Frostgorge Sound: The Kodan Sanctuaries
Easily among the most striking sights in Tyria are the so-called “Sanctuaries” of the Kodan, a race of polar bear men who share an Asian-inspired culture much like World of Warcraft’s Pandaren (but without the humor). The sanctuaries themselves look like Tibetan monasteries jammed into the sides of towering icebergs, themselves propelled by sails that must be a hassle to furl. They’re majesty incarnate.
Divinity’s Reach: The Planetarium
Too often games like this focus all of their attention on the martial aspects of the Middle Ages and Renaissance; very few pay homage to the stabs at the sciences and the occasionally beautiful creations that emerged in the same period. Guild Wars 2 turns that convention on its head with the Planetarium of Divinity’s Reach, which hangs from the top of a gigantic glass dome outside the main palace. It’s mesmerizing to watch, regardless of whether you visit it by day or night.
Timberline Falls: Naui Waters
The entire zone of Timberline Falls arguably belongs under this heading—it’s a magnificent zone where the snow-capped Shiverpeak Mountains surrender to lush valleys filled with lakes and evergreen forests. But all this beauty best comes together at Naui Waters in a little lake surrounded by one of the game’s most memorable mountain views. I’d live there if I could.
Iron Marches: Hellion Forest
For a game that places such an emphasis on beauty, Guild Wars 2 features almost no forests. The most you’ll usually get is a stand of trees standing unusually close together; even the plant-focused realm of the Sylvari features fewer trees than its leafy setting suggests. That’s what makes Hellion Forests so magical. While not huge, it gets the job done, and it includes both a spooky subsection teeming with ghosts and spiders and serene wooded vistas hugging the edge of a placid lake. Regardless of which you prefer, it’s always lovely.
Iron Marches: Chaos Crystal Cavern
I first found Chaos Crystal Cavern by accident; I was jumping along a ridge when I accidentally fell to the bottom of a deep pit. At the end, beyond a flooded tunnel, awaits this marvel. It’s a cave, crammed with an assortment of purple flowing crystals that reflect their brilliance on the glassy floor. Like so many of Guild Wars 2’s more haunting locations, it’s a jumping puzzle, which means that at least you have something nice to look even if you’re frustrated over your ability to press the spacebar at the right time.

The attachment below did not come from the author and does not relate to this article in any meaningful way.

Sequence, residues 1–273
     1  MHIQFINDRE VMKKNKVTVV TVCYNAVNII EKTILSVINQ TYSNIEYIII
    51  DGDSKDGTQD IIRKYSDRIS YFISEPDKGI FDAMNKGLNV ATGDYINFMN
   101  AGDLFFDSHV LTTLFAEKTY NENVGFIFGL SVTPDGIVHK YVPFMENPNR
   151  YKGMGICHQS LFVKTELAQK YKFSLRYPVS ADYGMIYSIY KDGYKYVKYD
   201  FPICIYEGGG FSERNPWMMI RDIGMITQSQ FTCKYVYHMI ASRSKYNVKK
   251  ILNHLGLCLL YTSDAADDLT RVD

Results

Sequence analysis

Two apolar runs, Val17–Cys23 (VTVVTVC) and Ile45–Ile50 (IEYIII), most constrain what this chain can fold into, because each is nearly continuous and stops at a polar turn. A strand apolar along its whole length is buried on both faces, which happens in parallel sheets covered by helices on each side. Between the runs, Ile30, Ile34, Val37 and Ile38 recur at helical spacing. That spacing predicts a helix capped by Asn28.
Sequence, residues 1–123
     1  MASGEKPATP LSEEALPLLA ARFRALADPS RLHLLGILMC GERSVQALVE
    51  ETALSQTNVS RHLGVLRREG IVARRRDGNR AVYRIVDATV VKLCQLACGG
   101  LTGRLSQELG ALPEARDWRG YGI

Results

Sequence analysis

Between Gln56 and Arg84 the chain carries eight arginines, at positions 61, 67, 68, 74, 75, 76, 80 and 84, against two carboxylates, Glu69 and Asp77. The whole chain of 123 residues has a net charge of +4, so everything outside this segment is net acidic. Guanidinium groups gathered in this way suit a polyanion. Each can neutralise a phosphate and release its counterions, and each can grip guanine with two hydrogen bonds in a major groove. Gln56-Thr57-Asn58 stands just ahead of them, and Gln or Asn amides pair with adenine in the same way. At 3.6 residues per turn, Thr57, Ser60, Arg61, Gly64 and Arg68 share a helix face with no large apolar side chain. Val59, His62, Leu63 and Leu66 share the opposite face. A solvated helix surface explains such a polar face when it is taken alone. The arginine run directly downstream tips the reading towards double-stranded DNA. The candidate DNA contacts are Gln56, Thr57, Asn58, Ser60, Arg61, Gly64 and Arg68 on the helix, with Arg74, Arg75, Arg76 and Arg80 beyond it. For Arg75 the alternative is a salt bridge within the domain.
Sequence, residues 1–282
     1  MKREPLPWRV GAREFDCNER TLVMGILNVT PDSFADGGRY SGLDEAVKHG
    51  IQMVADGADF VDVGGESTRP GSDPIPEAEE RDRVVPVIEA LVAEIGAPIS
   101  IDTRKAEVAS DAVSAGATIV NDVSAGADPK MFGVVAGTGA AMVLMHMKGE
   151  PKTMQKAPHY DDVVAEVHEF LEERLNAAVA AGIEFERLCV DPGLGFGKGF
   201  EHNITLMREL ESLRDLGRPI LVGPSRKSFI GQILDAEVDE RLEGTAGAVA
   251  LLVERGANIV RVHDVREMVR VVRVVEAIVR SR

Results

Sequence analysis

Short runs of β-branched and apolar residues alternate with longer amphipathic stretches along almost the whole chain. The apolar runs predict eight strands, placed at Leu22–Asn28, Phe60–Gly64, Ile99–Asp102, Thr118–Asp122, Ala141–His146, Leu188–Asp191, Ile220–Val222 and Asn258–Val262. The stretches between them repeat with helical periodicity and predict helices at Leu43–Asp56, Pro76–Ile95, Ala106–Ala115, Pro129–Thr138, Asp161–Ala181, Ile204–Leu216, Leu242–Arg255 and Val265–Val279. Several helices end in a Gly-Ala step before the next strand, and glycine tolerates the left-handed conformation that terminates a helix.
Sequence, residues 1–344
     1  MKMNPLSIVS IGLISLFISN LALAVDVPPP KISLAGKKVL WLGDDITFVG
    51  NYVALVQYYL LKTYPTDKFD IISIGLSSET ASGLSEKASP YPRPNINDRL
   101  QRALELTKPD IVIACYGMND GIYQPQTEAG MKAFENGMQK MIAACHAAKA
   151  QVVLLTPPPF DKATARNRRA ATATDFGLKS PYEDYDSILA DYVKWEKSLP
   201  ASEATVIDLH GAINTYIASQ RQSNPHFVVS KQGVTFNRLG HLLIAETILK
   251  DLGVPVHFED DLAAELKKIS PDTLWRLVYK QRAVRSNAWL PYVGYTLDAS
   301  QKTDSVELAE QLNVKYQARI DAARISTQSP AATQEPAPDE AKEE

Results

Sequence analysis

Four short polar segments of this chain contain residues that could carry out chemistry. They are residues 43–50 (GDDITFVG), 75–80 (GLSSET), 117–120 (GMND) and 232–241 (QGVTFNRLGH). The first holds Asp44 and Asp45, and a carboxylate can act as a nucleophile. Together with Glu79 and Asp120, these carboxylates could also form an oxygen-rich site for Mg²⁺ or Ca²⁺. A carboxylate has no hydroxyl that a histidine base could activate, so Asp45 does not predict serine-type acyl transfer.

Kessex Hills: Cereboth Canyon
Kessex Hills has had a rough time of it lately. Once one of the game’s most cozy zones as a whole, much of it was destroyed during one of Guild Wars 2’s “living world” events when a sky-piercing tower shot up from the lake. Thankfully ArenaNet left alone this bucolic region of the zone’s eastern half. Whether you approach it from above or below, the canyon never fails to inspire.
Mount Maelstrom: Hidden Garden
ArenaNet teases you with this jumping puzzle: you can only access it by killing one of the veteran creatures surrounding the volcano of Mount Maelstrom. When you do, a portal appears with a warning that dire things might await you if you venture inside. Step through, though, and you’re faced not with death but with this splendorous zone where waterfalls cascade off distant cliffs and fungi-laden trees wind their way up soaring piles of rocks.
The Labyrinthine Cliffs
Man-made stuff is more than capable of beauty on its own, as evidenced by the Labyrinthine Cliffs that appear once a year during the Festival of the Four Winds. (And if you want to see it, it’s currently live until July.) The zone centers on a community of merchants who fly about the sky in lavish airships and hawk their wares in cliffside markets that recall Chinese bazaars.